Try not to get bogged down in intellectual answers. Even if you know the answers, see if you can connect to your feelings about it and notice whether any other thoughts, feelings, associations, or memories come to you spontaneously. Sometimes the best stuff just suddenly occurs to us.
Next, find an opportunity when you and your lover aren't rushed or distracted, and share how you are feeling about the issue. When mentioning something about her/his behavior that affects you, phrase it within your own experience ("When I think that you are not listening to me I feel...I then worry that...it reminds me of...which feels...to me). Even when you want to mention something that your lover does, focus on you and your deeper responses. You may want to ask for something specific ("Could we set aside times to listen to each other?") which your lover can consider, but initially it is usually best to have you and your lover listen to and understand each others' deeper responses.
You might be tempted to leap to a solution, but this is only the beginning. If you settle on a solution too quickly, you could miss something that still needs to be unearthed.
The listener's job is to listen attentively and to verbalize understanding for the other's feelings, regardless of whether or not the listener agrees with her/his lover's perception of the events. For example, maybe you think that you're the one who's always listening to your lover, and it is s/he who doesn't listen to you. It's okay that you do not agree with her/his version of reality, but for now, offer only your understanding of how s/he feels and what it means to her/him. It is important that you suspend your difference of opinion and only offer understanding.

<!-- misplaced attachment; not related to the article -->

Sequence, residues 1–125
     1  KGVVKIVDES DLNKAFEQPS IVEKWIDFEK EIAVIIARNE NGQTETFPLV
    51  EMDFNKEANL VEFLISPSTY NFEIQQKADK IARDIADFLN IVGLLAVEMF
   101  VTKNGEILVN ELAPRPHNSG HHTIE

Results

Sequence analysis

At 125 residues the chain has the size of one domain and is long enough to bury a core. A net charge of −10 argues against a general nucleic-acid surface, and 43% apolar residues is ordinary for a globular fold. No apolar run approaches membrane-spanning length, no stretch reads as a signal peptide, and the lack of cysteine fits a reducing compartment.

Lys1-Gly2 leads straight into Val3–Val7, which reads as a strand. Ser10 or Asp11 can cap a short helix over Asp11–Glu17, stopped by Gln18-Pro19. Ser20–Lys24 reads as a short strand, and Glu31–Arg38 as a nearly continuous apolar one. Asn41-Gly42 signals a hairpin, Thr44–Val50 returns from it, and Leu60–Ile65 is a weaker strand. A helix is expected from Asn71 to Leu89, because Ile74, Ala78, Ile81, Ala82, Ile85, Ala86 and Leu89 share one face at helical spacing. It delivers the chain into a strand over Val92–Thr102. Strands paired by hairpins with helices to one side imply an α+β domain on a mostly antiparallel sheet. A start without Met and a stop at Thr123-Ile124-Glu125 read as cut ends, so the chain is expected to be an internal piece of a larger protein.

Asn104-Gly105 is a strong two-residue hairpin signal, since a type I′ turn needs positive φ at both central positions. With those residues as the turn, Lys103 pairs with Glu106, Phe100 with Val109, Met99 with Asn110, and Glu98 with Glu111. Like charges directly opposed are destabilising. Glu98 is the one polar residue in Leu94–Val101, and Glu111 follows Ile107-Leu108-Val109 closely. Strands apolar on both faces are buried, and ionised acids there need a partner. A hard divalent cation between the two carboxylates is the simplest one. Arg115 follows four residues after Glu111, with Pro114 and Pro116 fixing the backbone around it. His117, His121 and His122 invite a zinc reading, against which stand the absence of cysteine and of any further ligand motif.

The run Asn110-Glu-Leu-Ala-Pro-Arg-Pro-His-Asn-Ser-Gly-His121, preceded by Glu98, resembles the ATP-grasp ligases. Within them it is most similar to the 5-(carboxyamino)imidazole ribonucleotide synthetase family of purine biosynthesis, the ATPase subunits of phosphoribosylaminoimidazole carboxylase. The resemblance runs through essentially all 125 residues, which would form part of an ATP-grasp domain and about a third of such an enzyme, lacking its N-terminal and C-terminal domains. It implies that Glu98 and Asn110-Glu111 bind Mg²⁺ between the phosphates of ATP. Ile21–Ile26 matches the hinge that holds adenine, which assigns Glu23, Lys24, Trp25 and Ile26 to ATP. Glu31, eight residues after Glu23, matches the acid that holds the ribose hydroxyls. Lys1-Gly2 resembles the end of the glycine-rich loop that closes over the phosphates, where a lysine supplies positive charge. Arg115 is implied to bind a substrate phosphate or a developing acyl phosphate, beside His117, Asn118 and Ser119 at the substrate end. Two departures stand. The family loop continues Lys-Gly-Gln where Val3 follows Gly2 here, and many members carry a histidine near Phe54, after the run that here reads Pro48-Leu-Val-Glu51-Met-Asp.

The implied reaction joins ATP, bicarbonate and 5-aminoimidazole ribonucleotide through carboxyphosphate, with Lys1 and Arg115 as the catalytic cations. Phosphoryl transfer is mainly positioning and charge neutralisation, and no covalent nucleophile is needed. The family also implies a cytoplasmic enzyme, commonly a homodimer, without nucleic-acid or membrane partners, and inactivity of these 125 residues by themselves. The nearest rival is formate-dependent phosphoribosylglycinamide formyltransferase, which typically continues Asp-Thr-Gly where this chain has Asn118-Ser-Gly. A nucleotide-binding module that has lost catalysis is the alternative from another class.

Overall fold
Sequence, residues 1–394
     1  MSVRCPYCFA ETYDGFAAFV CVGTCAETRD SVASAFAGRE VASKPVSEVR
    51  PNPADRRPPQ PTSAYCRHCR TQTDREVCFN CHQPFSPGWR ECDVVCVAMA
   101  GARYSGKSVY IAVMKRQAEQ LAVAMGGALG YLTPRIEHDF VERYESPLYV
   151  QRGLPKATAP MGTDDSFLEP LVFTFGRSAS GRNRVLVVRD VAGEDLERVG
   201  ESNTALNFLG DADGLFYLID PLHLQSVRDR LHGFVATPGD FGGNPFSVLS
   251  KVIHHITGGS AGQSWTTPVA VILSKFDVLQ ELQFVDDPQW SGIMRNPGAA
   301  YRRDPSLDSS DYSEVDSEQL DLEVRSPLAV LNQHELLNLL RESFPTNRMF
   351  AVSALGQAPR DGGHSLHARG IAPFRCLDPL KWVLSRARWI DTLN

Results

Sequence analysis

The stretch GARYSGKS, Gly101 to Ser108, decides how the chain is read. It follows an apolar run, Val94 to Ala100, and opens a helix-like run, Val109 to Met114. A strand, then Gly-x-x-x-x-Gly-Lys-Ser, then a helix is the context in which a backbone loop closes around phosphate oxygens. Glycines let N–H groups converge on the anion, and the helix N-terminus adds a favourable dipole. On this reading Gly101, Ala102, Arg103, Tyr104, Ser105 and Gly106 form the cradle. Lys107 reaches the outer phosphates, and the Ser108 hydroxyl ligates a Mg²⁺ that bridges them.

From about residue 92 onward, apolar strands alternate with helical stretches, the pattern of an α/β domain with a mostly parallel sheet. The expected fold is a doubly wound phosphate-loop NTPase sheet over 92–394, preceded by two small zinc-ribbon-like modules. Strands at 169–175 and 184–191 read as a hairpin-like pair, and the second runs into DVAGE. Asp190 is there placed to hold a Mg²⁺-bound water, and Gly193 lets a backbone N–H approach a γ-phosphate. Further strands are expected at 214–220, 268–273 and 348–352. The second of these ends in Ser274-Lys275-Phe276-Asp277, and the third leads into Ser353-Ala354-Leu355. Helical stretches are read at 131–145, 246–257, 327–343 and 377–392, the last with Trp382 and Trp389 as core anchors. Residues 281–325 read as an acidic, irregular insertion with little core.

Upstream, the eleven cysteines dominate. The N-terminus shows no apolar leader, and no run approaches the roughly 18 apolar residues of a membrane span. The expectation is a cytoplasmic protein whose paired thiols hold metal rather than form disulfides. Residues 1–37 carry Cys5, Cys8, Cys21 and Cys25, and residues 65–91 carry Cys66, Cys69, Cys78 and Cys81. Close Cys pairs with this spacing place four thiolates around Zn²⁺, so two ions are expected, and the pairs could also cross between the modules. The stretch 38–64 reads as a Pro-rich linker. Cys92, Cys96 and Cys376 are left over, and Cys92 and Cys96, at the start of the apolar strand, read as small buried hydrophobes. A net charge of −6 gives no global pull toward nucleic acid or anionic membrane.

When you're finished with that, switch roles. Feel free, as the one who just listened, to say
something like "When I hear you say that, I feel...because I believe that I do listen.... This reminds me of...and I feel...and I don't know what else to do. I feel that you don't listen to me. When this happens I feel...." It's important to not argue about who does or doesn't listen, or what you each do, but rather, the original speaker should now listen and offer understanding for how it must feel. Keep going back and forth and see what happens. You may not notice anything for a while, but you might. If you don't, try not to worry or rush the process; something usually shifts over time, especially if you keep going deeper. You never know what you might discover - it may be a completely different issue than you originally thought. Only by staying with your deeper feelings and reactions will you discover what is underneath the arguments.
By each of you truly understanding the others' perspective without judgement, you'll be able to move through this barrier in your relationship. Stick with the formula, even if it feels unnatural, and you may find that the two of you are laughing about what started the whole disagreement.